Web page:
Australians are optimistic but still prefer to save and pay down debt

DAMIEN MEYER / AFP / Getty Images

Australian consumer confidence rose fractionally in September, according to the latest Westpac-MI consumer sentiment survey.

The survey’s headline index rose by 0.3% to 101.4, indicating that optimists outnumber pessimists, albeit by a small margin.

It continues a trend of remarkable stability in confidence levels, something that Westpac’s chief economist, Bill Evans, noted following today’s release.

“Consumer Sentiment has been remarkably stable for the last six months. Over that period the Index has averaged 100.3 so today’s reading is just 1.0% above this average,” he said.

“Indeed the September reading is just 1.7% above the average reading over the previous six month period to March as well.”

“This stability over the last six months has been despite significant events that can usually be expected to impact confidence: two interest rate cuts from the Reserve Bank and associated reductions in mortgage rates; a Commonwealth Budget; a Federal election; and some major developments offshore such as the surprise UK referendum result (‘Brexit’) and the build -up leading into November’s US election.”

That stability in the index is captured in the chart below.

According to Evans, the likely reason behind the stability in the index comes down to what consumers are reading, listening and watching in the media in recent months.

“A year ago the most recalled news items were around ‘economic conditions’ (53.9% of respondents) and ‘international events’ (41.8% of respondents). Recall on these topics is now down to 21.9% and 11.4% respectively.

“Not surprisingly, the news is assessed to be considerably less unfavourable today than last year.

“The most recalled news category in September was ‘Budget and taxation’ (26%). News on this category has been assessed as more unfavourable than in June but still less unfavourable than a year ago.”

Breaking down the September survey, it was clear that the lift in the headline index was not uniform in nature.

This is no better demonstrated than in the table below from Westpac which looks at movements in the survey’s five subindices, both from a monthly and annual perspective:

Views on current family finances improved, offsetting a deterioration in sentiment in the year ahead. On the economy, consumers expect economic conditions to weaken in the year ahead, but expect things to improve over the longer term.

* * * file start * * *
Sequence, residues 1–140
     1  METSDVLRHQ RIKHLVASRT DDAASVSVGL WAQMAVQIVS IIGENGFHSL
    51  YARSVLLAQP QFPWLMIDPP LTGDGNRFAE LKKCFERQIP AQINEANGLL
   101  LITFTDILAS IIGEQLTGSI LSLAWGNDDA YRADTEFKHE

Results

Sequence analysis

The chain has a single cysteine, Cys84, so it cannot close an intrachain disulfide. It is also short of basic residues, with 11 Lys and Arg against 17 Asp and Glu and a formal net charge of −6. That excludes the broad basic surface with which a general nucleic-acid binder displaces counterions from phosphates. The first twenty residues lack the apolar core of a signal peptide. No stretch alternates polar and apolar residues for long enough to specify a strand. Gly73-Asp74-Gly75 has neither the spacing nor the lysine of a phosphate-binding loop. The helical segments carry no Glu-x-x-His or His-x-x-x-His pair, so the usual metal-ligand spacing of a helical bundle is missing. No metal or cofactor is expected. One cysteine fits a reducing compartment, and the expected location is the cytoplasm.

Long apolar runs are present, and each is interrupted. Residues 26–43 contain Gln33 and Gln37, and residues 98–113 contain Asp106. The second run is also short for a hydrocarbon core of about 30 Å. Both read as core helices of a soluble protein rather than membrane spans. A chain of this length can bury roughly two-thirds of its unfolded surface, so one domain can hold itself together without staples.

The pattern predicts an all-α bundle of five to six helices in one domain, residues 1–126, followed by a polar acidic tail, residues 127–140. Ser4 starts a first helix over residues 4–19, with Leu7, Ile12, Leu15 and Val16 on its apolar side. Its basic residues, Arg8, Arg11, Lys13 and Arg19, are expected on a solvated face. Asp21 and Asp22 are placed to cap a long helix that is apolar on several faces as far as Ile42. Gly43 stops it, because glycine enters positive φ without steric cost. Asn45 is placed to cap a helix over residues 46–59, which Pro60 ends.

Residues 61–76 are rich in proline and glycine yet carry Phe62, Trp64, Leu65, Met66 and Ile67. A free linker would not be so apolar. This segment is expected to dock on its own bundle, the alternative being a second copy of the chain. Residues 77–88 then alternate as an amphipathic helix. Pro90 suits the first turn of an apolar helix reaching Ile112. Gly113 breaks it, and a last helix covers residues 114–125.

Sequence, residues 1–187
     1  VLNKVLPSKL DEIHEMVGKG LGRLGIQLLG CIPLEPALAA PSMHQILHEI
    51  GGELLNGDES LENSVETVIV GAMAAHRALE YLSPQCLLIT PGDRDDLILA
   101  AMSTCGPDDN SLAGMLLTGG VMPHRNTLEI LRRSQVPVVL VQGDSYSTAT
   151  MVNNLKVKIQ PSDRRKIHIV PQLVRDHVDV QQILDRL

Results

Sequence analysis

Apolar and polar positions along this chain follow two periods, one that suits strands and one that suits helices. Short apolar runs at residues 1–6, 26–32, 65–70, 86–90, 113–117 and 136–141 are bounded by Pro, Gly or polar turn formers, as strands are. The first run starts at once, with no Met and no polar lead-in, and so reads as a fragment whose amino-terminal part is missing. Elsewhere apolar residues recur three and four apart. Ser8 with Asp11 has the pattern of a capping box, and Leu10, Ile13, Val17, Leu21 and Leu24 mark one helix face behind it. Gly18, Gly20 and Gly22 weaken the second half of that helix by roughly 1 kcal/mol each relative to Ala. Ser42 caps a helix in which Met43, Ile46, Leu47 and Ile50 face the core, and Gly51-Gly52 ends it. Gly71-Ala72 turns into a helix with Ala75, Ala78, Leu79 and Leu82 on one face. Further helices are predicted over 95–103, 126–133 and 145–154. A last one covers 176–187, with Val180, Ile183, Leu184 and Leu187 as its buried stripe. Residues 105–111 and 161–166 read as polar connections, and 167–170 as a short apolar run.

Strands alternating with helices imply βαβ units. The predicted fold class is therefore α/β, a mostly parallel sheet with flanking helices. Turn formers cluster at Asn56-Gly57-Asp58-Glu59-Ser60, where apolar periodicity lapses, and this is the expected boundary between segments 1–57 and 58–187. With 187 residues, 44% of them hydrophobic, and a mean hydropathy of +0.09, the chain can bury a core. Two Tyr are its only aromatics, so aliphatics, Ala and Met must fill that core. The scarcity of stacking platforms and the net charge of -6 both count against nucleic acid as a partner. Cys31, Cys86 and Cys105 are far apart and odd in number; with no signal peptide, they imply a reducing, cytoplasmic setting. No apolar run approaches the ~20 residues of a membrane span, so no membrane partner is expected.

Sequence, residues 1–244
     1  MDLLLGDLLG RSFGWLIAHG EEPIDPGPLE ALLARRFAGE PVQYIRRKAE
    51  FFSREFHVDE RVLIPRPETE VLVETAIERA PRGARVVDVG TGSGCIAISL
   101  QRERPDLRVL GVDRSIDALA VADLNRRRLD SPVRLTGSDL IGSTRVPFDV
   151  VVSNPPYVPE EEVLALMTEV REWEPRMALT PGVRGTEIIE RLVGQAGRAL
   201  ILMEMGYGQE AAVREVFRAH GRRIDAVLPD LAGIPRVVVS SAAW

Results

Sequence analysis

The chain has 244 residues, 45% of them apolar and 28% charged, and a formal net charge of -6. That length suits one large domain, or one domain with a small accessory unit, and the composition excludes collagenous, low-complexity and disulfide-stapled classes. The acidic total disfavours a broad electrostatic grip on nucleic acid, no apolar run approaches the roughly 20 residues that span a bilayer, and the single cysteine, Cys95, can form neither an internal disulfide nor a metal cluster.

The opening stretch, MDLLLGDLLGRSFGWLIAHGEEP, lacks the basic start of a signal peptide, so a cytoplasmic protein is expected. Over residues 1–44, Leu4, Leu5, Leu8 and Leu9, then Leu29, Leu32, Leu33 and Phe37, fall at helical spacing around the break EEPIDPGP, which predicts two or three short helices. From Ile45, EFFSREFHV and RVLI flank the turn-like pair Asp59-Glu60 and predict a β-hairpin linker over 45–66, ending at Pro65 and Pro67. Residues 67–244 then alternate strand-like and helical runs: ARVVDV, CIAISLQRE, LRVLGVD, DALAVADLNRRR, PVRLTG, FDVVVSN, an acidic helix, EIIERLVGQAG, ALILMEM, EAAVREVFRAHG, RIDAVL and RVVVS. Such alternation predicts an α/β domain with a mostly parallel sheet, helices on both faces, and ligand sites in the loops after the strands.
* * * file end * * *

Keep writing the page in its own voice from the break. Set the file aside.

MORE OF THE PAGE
The final component — whether now is a good time to buy a a major household item — rose strongly, continuing the trend seen throughout the past year.

While most components have improved over the past 12 months, it’s noticeable that perceptions towards current finances, along with the economic outlook, are dominated by pessimists.

Outside of the survey’s main components, Westpac notes that views on the labour market continued to improve, perhaps due to the reasonable jobs report released for July.

The unemployment expectations index “fell from 141.2 in August to 138.4 in September,” said Evans. A lower reading indicates that fewer respondents expect unemployment to rise in the year ahead.

“The index is now down 11.5% over the last year and 10.5% since September 2014. The index was stubbornly high through 2012- 2015 so it is very encouraging that confidence seems to be gradually returning to the jobs market,” he said.

There was also mixed views on the housing market with the survey’s “time to buy a dwelling” index falling 2.5% while the separate house price expectations index rose by 3%.

Despite the divergence, Evans suggests that “confidence in the housing market is improving”.

On other forms of investment, consumers nominated bank deposits as the wisest form of saving right now, suggesting that investors, collectively, remain nervous.

“Most respondents still see bank deposits as the wisest form of saving. That proportion compares to the 40yr peak of 39% in 2012 when risk aversion was much higher,” notes Evans.

“A second measure of risk aversion is the component ‘pay down debt’. That proportion increased from 20.0% to 21.0% and compares with record high of 27% in 2010.”

Elsewhere, “the proportions favouring ‘real estate’ (15.4%) and ‘shares’ (8.6%) remained steady in September”.

Though largely unchanged from the levels seen in August, the preference to save and pay down debt, rather than invest in riskier asset classes, perhaps explains the weakness in retail sales and household consumption figures seen in recent months.

Following the release of the separate ANZ-Roy Morgan Australian consumer confidence index on Tuesday, Felicity Emmett, head of Australian economics at the ANZ, noted that recent strength in confidence levels “did not translate into stronger consumer spending in Q2″.

“Consumption has been a key driver of the non-mining recovery and this step down in growth is somewhat concerning, and something we will be closely watching over the next few months,” she noted.

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